The second line of Artemi Panarin, Artem Anisimov, and Patrick Kane feasted on the Predators all Tuesday night. The trio led their team in shots attempted and, though they only scored on an empty net, seemed destined to get a goal. That's something Nashville needs to be wary of tonight. They've been deadly all season.
Teuvo Teravainen has also started finding success while skating on the top line with Jonathan Toews and Marian Hossa. It was Turbo's goal 14 seconds into the third period that sealed the deal against the Preds.
But you know this. I know this. The team knows this. Not much has changed since Tuesday's preview, except the Predators are angry with themselves. Considering how last game ended, Nashville should be taking to the ice like bats out of hell.
If you asked 100 different Predators fans to list five things that are going wrong with the team, odds are you'd get wildly varying answers. But every single person would have the same two words somewhere in their response: penalty kill.
Nashville's shorthanded unit has been awful for most of the season, and completely horrendous lately. They've given up a power play goal in nine of the last 10 games, going 60% over that span.
The raw numbers speak for themselves: 22 goals allowed during 86 times shorthanded for a kill rate of 74.4% (as of this post), good for 28th in the league. It's not like they are even giving their opponents many opportunities to burn them. Only six teams have been shorthanded fewer times than the Preds, (Colorado, Edmonton, and Tampa Bay are tied with Nashville).
What's wrong? How do you fix it? What needs to change?
None of us really have the answers. Those are questions Kevin McCarthy and the rest of the coaching staff need to figure out, and quick.
On paper, there's nothing inherently bad or good about the PK. Compared to the rest of the teams when shorthanded, Nashville doesn't allow ridiculous amounts of shots against or scoring chances. They're just in the middle of the pack. Now, rate stats may not be the best way to evaluate special teams, especially when it's rated against 60 minutes of play. We've shown a snippet of how the penalty kill decides to set up, but here's another taste.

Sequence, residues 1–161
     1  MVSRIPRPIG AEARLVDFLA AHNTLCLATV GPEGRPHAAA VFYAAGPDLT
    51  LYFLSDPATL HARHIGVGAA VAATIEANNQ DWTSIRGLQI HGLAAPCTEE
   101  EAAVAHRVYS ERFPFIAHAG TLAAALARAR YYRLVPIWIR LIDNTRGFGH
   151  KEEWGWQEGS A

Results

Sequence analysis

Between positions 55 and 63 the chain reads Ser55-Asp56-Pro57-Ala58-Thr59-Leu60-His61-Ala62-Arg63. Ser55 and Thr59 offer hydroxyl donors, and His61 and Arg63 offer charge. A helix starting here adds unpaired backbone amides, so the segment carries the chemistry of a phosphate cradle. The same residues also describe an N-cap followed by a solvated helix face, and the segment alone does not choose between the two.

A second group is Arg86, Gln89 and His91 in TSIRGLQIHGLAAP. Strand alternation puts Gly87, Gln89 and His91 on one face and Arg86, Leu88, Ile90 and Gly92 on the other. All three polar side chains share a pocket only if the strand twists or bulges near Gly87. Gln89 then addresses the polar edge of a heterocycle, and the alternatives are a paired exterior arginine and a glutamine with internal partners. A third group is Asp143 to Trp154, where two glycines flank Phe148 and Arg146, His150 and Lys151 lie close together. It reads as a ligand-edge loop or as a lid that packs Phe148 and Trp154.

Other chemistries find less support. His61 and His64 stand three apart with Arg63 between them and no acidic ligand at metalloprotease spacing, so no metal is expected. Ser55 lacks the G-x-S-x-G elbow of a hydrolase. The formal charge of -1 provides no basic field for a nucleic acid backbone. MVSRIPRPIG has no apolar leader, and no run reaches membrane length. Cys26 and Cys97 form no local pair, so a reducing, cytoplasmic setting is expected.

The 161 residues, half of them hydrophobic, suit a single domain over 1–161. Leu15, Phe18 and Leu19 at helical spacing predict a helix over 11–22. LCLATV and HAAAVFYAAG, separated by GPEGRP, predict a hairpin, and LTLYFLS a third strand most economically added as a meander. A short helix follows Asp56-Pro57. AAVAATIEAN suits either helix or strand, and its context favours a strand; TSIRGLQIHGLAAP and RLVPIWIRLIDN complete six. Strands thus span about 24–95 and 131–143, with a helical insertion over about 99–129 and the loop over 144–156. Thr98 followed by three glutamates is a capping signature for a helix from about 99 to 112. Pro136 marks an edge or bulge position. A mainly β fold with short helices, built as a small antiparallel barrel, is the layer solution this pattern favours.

LOOK AT THIS! You could land a jumbo freaking jet in the amount of space they gave Ericsson. pic.twitter.com/k6qcUO2R94— On The Forecheck (@OnTheForecheck) December 8, 2015
(Apologies for the misspelling of Loui Eriksson. Spellchecker lumped him in with the likes of Pekka Ring, Viktor Stabling and Anthony Bordello.)
Against the best power play in the league, they leave one of their best shooters WIDE open right in front of the crease. It took the Bruins all of 14 seconds to take advantage of that.
Here is a fantastic look at Andrew Shaw's power play goal on Tuesday, which put the Hawks ahead 2-0:
There is no form to what they are trying to do. If there is, I don't see it or get it. Paul Gaustad and Miikka Salomaki are spinning like dreidels, and every player is chasing the puck rather than trying to focus on maintaining any type of coverage. Because they're chasing, they get the speed wobbles as Chicago deftly works the puck around, and can't recover by the time Shaw shoots.
It's no wonder the team has an 83.2 Sv% on the penalty kill. They may not be giving up more shots or chances than many other teams, but with that type of execution it doesn't matter. The coaching staff is aware this is a problem, so hopefully they make the necessary changes to get back to how they were killing penalties early in the season. It's been working with the power play so far.
The only thing the PK unit is killing is the Preds' momentum. It's costing them games, and is a liability on the ice right now. It's not feasible to ask Nashville to just stop taking penalties, so they must adjust this portion of their game if they want to have success.
The Important Stuff
7 p.m. Nashville start, with viewing on FS-TN and listening on 102.5 The Game.